That’s actually one of the ultimate fucked-up service exams right there- your most emotionally charged exes as your proctors for the exam, with their new mates, who are more attractive and successful than you. While you’re decanting 97 La Pergola Torte, they’re playing grab-ass and smooching each other, arguing about which gelato stand was the best during their vacation in Rome. They’re taking selfies. If you look up from decanting to wish (out loud) that they would just fuck off for five seconds, you will lose a ton of points. Don’t look up.

There’s a moral somewhere in here somewhere, a lesson to be gleaned from all this nonsense and I’m getting to it. Picture yours truly narrating the service component walkthrough. I’d be digging around in an open chest wound and a bloody white tee. This is where I would look at the camera and say,

“The court teaches us to always work in recovery. You’re inevitably going to make mistakes and experience setbacks on the floor. How one responds to a mistake is what sets the pros apart from the amateurs. Can you recover with grace and poise, or will you let it rattle you, and reverberate throughout the rest of your service?”

I’m jabbing a pair of forceps into my chest, fishing for a bullet.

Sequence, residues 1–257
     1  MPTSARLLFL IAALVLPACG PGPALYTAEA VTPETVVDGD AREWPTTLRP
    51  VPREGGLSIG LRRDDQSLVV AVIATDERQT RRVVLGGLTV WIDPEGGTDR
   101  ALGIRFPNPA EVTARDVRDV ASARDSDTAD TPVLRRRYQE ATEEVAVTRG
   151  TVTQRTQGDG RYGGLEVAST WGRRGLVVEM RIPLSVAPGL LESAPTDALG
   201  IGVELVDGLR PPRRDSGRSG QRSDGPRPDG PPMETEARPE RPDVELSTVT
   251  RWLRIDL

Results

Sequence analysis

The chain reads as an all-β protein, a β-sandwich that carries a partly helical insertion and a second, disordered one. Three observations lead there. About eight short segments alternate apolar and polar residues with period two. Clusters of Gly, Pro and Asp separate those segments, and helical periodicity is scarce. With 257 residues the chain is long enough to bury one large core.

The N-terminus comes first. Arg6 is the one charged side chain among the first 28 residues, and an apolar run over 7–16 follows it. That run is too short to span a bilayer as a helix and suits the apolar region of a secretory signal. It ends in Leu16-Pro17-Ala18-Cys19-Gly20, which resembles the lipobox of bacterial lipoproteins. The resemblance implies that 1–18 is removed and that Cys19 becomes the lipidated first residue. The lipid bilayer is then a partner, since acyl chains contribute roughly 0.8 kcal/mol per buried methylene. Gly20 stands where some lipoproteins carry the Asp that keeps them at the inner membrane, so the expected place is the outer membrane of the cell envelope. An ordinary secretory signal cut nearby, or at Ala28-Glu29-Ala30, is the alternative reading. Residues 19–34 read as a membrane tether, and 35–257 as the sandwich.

“Decanters full of irreplaceable wine will break open and spill on irreplaceable clothing. TCA will infect the last bottle of birth-year wine your most important regular was pining for. Your chef will change the dish you have to pair with right after you receive ten cases of wine that was perfect with the dish before they covered it with red molé.  And you will incur flesh wounds in your personal life that will make you want to snap in your professional life, and kill the next person who asks you ‘if you have any real absinthe, bro’.”

I tug on the forceps and remove a black talon hollow point that has bloomed into a star pattern, and I cough up a little bit of blood.

“Just remember to remain calm in the face of being knocked off balance, and set to work correcting it immediately. Throw linen over the spill, and get a fresh bottle. Offer to pay for the dry cleaning. Divert that wine you can’t pair into your by-the-glass program. Surround yourself with positive influences and try not to do anything terribly stupid in response to external stressors. Do not let it affect your work. But actually kill that dude who won’t shut up about real absinthe, he sucks.”